Creating Video Titles From Still Images
When you want your entire video project to stand out, a first impression goes a long way. The first images displayed in most movies are the opening credits, which are often an afterthought at the end of a long video project. Keeping them plain is one way to leave no impression, saving the bigger bang for the actual movie footage. Another option is to create something simple that captures the essence of your movie without going over the top. Something unique to the event on video goes a long way toward setting up the movie and leaving a lasting impression about the whole package. When I shot a video of Steven Page performing at a live in store in Seattle's Easy Street Records, I used the store marquee as the backdrop for my title screens. This tutorial shows you how to take any outdoor sign and fit it into the context of your video project.
For this tutorial, I'm using Adobe Photoshop Elements and Adobe Premiere Elements. You could also use something as basic as Microsoft Paint for the photo editing, although it might take longer and paint doesn't support creating multiple layers. Any video editing application can handle the JPG photos we're creating here.
The first stage is to get a high resolution photograph of the sign you want to use. This can be done either before, during or after the actual event you are covering, just make sure the shot looks good. Bring the photo into your favorite photo editing application to convert it from a still photo into the backdrop for your opening credits.
The marquee sign has a bunch of text on it related to the event. I'm going to erase the original text and replace it with my own text.
Erasing Text with Photoshop Elements
Open the photo in your photo editing app and save a copy with a new name. Zoom in to at least 200% of the original size (Photoshop uses the shortcut Ctrl+'=' to zoom)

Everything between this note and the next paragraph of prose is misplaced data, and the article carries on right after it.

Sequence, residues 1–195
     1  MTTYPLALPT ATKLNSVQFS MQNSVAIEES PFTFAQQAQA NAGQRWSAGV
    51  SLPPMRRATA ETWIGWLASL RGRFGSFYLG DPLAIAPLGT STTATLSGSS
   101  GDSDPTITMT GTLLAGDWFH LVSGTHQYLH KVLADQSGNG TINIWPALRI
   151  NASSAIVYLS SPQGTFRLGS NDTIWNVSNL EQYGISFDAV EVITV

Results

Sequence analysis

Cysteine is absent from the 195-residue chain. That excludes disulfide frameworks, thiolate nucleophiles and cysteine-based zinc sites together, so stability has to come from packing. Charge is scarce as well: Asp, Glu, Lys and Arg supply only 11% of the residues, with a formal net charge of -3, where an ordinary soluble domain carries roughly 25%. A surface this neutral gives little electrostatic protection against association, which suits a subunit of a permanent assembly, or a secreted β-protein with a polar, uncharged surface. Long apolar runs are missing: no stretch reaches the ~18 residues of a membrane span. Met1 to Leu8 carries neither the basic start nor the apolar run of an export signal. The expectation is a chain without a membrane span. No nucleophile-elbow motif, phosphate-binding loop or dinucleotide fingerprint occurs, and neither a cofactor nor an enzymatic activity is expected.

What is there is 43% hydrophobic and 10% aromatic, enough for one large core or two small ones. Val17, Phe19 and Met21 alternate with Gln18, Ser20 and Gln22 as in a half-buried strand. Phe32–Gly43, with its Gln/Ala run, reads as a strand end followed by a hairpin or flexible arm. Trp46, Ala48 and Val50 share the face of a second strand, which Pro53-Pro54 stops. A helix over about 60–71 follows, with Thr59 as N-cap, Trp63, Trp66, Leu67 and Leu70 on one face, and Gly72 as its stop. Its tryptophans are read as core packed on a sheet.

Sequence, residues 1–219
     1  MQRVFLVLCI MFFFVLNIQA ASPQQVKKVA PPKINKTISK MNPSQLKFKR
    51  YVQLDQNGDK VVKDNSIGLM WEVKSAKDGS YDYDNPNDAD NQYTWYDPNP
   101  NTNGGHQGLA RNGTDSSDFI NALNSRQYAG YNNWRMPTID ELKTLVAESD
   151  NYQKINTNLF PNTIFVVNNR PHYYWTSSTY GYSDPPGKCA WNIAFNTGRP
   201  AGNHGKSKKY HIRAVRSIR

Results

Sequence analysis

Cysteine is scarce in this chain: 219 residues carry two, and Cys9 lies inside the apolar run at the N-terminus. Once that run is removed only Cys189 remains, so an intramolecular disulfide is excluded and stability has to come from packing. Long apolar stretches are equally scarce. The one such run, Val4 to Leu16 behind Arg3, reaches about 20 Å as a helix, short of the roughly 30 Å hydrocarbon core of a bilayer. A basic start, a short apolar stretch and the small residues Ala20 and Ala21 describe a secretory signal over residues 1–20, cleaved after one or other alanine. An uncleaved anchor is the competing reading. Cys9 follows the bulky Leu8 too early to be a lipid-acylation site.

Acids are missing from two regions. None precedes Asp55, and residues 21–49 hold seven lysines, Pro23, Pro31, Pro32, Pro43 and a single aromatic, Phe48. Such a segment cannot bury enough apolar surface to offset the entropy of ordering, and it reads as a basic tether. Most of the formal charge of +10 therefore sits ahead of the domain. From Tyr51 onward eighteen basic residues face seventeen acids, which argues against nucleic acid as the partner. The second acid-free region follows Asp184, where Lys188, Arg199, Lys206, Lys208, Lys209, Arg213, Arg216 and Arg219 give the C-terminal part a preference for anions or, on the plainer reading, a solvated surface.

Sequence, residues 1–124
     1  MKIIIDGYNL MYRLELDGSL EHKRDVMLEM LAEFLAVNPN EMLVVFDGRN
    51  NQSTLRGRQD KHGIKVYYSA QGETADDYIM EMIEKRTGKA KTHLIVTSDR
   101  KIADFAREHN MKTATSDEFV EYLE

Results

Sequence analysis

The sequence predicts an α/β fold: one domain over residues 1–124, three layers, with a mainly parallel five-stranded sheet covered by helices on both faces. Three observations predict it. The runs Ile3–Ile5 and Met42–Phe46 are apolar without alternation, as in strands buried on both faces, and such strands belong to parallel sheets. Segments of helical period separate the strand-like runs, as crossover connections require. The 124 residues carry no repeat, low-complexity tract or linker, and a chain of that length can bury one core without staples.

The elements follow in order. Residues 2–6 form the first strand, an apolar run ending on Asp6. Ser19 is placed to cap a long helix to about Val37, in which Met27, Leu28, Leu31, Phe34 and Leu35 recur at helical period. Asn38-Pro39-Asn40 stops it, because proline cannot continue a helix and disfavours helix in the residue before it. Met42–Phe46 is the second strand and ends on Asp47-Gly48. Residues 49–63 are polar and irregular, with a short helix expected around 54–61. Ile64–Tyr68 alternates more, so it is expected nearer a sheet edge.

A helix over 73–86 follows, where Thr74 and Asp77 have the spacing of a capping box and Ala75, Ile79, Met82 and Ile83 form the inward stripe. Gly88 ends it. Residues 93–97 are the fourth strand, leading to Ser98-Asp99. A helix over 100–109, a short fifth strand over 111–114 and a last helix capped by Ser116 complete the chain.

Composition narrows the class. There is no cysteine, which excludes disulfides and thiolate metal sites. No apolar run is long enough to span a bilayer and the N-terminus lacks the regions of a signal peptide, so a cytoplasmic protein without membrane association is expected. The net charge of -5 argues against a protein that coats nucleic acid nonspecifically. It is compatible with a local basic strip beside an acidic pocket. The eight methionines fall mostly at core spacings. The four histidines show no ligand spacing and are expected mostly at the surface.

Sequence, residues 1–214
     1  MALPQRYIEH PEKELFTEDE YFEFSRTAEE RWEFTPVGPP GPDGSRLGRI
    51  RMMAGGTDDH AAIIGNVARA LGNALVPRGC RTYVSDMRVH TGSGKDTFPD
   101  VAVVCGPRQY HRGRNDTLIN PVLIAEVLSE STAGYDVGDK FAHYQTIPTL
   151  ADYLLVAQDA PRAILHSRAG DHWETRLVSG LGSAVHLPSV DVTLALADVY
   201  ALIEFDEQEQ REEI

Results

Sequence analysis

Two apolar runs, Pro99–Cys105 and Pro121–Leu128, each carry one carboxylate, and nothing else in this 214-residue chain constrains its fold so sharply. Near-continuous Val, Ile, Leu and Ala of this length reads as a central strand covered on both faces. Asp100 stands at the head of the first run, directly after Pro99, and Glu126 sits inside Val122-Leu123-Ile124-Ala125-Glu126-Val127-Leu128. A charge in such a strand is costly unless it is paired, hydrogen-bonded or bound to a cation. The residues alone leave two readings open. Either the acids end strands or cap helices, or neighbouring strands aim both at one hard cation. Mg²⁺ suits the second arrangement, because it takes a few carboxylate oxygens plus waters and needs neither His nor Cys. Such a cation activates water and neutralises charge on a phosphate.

Use the eyedropper tool to select an area in a section of the sign with a color closely matching the background where letters currently appear.
Select the Eraser tool and switch the selected color to the background using the Foreground / Background color swapping tool. Use the Eraser tool to eliminate all the letters currently on the sign, being careful to keep the individual sign spaces intact.
Once you erase all the letters resize the image to 720x480 (cropping as necessary) which is the default size for video recorded using a DV camcorder. Save the file to use this image as the template for your titles.
Adding Title Text Using Layers
Choose a font and size that fits your sign. For my sign I went with Placard Condensed both because it was easy to read on screen and because it fit reasonably well in the marquee sign. In lining up the font with the boxes, I was generally able to simply add a single space between each letter to fit text in the boxes. Not perfect, but close.
The trick here is to use the layer capability of your photo editor to save time in creating titles. I use the same base template image and reveal layers as needed in creating new title slides.
When I have the text I need for a title, I simply do a save as and create a JPG image which only shows the currently visible layers.
After saving hide the current layer and add new text in it's place.
After all the title slides are created, import them into your video editing application to assemble the titles ahead of your movie.
Insert your title slides in order on the video timeline.
Adjust the display duration on each file until you get the timing right for your titles. Photoshop Elements should let you set a default based on frames, but I'm getting a glitch where it won't recognize a minimum smaller than 150 frames for the global value (5 minutes). Right-clicking the image in the timeline and choosing Time Stretch lets you set a different value for duration. For my titles 2 seconds is almost too long.
Save out the finished movie project. You can see an example of the titles demoed here in action below:
You can take the concept of using individual layers in Photoshop Elements a step further to build out titles that appear to write text on the screen as well. Start with the same basic image and gradually add a series of letters to spell out what you want giving you an effect like what's demonstrated in this video: